Invariably, my clients who sign off on their Wills and Powers of Attorney exhale a sigh of relief. I am not convinced that's necessarily because doing so guarantees them more monetary wealth. In fact, most of my time with clients is not spent talking about money at all but about what it represents.
See, the jury is still out on whether more wealth means more happiness (see http://www.forbes.com/sites/susanadams/2013/05/10/money-does-buy-happiness-says-new-study/). What has been settled for a long time, though, is that “self-efficacy” (Albert Bandura), the sense that what you do now impacts your future and the idea that you are capable of reaching your goals, is strongly tied to your sense of wellbeing. We also know from people like Mihaly Csikszentmihalyi that wealth beyond what is needed to meet your needs does not make a significant difference in your level of happiness, but a plunge in your net worth significantly decreases happiness. Another fact: giving to others can give you a happiness boost.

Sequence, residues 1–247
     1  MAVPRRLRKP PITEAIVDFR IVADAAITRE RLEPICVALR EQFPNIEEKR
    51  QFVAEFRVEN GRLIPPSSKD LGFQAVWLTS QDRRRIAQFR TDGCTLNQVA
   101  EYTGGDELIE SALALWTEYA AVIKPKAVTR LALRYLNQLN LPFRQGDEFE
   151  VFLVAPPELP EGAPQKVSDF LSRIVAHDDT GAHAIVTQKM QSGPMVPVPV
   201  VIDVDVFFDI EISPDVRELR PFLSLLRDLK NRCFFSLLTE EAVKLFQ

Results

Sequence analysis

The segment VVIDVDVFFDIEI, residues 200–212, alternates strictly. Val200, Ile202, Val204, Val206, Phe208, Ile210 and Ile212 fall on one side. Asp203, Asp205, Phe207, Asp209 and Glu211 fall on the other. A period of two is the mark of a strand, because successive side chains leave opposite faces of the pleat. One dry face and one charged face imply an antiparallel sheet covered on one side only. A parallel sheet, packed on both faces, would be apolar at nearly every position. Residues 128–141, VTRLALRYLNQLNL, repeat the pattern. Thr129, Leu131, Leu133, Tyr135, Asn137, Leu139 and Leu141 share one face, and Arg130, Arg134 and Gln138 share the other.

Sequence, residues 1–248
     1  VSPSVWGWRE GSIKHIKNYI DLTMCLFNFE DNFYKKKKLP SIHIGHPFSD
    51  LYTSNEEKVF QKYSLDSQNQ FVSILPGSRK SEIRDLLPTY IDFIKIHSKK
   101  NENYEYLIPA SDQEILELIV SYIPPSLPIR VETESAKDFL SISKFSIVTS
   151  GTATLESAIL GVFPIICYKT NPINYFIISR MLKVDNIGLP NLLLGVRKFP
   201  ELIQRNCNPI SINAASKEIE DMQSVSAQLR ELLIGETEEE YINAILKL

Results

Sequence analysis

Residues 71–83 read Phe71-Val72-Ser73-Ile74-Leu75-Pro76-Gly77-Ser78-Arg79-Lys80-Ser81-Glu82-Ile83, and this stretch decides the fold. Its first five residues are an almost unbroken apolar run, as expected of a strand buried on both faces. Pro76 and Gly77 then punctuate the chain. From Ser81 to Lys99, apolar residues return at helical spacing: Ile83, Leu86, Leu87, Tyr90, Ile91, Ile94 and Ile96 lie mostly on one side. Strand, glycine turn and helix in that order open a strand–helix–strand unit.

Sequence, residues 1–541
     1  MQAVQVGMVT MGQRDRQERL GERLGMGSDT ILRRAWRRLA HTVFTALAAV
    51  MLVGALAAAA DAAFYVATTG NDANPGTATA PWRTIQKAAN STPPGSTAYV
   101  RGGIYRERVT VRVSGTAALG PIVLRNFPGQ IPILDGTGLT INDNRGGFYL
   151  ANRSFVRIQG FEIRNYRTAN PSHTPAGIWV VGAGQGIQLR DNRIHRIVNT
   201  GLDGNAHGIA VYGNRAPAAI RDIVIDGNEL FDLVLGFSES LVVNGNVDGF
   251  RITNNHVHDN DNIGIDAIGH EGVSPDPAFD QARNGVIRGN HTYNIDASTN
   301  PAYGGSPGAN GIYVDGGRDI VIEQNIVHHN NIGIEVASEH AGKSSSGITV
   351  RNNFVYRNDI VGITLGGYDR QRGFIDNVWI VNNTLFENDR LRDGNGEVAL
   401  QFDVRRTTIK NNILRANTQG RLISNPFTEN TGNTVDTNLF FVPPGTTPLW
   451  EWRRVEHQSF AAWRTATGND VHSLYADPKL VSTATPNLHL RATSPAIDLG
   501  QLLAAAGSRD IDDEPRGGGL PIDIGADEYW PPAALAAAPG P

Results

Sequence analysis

Taking the psychological forces into account, it totally makes sense to me why the act of seeking professional help to complete legal documents is not entirely a financially motivated exercise.